potlede.jpgMayor Gavin Newsom was in a proud mood Monday when he announced his coup du jour: pharmaceutical giant Bayer HealthCare has pledged to put 65 bodies to work in something called an “Innovation Center.”

Whatever that is exactly is not important, for it will be in San Francisco and specifically in Mission Bay, in office space near the new UC-San Francisco campus once to be occupied by Pfizer. That company, possibly most famous for its trademark love potion and party pill Viagra, last year pulled out of a deal to make parking for Giants games and industrial healthcare go hand-in-hand.

But perhaps this (in Newsom’s words) “exciting and significant achievement” to lure Bayer researchers away from existing offices in Richmond shouldn’t be any surprise: after all, that cash-strapped community isn’t nearly the “innovator” with medical marijuana that San Francisco is.

You see, Bayer is poised to make an absolute killing in California should a ballot initiative legalizing marijuana consumption be approved by the voters in November: the multinational conglomerate is the sole licensed distributor of a synthetic THC product called Sativex.

Produced by a UK-based company called GW Pharma, Sativex has been approved for a multitude of uses in both the UK and Canada, and is hailed as a — wait for it — “innovative” prescription drug solution for patients suffering from cancer, MS, and a host of other maladies.

Of course, Sativex is nothing new per se: the drug has been patented in the UK for almost a decade, and Bayer has been its sole marketer and distributor — and we can assume manufacturer and tester — for seven years.

And of course, there are ample US federal regulations standing in the way of any major company wishing to cash in on an emerging marijuana market in America. However, we can’t help but notice: Richmond’s politicians have put a lid on new cannabis dispensaries in that town, and no such restrictions exist here in San Francisco.

And what better to elicit some “entrepreneurial” inspiration than a sample of a sweet sativa strain, grown closer to Mission Bay than many might think? Pass the pills on the left hand side.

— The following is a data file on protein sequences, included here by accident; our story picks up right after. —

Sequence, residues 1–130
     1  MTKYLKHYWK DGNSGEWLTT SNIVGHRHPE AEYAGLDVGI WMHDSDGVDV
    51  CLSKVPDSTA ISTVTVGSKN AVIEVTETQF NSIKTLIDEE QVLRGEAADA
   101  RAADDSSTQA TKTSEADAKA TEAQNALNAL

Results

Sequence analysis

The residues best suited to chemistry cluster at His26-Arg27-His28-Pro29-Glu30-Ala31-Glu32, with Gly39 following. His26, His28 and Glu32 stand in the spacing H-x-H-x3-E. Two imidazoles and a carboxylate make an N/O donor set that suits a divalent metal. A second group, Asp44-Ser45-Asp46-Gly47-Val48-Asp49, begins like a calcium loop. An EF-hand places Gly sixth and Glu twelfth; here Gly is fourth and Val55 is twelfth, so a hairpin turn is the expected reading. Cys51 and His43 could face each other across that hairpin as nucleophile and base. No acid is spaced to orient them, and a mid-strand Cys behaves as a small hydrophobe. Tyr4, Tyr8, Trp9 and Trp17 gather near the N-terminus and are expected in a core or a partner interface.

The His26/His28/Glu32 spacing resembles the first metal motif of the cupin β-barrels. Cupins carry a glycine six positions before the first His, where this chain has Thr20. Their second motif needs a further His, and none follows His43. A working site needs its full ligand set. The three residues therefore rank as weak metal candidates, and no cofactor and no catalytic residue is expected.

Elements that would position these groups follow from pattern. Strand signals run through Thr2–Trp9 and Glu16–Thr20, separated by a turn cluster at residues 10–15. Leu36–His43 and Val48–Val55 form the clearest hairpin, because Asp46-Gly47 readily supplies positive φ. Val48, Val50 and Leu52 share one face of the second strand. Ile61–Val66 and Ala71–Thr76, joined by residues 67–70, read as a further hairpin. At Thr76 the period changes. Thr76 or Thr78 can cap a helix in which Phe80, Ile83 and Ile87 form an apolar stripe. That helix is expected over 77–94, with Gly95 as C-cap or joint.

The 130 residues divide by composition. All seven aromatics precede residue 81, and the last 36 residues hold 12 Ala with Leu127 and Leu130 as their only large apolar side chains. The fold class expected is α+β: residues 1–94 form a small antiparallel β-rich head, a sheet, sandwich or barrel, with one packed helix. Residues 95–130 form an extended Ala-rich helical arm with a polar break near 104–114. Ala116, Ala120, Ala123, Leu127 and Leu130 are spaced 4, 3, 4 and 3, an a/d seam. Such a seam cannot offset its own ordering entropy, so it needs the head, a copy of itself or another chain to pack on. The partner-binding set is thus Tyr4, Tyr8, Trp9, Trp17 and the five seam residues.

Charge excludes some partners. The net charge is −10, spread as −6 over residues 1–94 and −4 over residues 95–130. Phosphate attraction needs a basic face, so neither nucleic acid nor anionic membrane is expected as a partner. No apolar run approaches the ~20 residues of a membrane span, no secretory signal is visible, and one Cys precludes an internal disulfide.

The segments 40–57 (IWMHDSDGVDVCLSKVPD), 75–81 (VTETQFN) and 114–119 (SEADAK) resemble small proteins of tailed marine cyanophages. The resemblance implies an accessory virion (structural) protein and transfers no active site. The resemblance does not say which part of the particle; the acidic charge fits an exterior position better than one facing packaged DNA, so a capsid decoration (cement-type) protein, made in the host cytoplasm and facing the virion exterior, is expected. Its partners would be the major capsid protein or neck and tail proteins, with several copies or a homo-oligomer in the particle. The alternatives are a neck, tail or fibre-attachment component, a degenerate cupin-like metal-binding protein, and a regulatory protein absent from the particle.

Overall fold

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  • thescientist

    Actually, Sativex isn’t synthetic pot. Its just an extract made from pot plants that contains a specified ratio of THC to cannabidiol. It is delivered in a spray, that absorbed by the skin in the oral cavity. Your also incorrect in asserting that Bayer is waiting for pot to be legalized to make a killing selling sativex. What it’s waiting for is for Sativex to be approved by the FDA, as it already has been by the Canadian and English counterparts of the FDA in those respective countries. If the US FDA approves it (there are already positive Phase II and III trials of Sativex in the US), it will be available by prescription, like Marinol. So, one could argue that legalization of marijuana could either be irrelevant to, or even harm sales.

  • thescientist

    Actually, Sativex isn’t synthetic pot. Its just an extract made from pot plants that contains a specified ratio of THC to cannabidiol. It is delivered in a spray, that absorbed by the skin in the oral cavity. Your also incorrect in asserting that Bayer is waiting for pot to be legalized to make a killing selling sativex. What it’s waiting for is for Sativex to be approved by the FDA, as it already has been by the Canadian and English counterparts of the FDA in those respective countries. If the US FDA approves it (there are already positive Phase II and III trials of Sativex in the US), it will be available by prescription, like Marinol. So, one could argue that legalization of marijuana could either be irrelevant to, or even harm sales.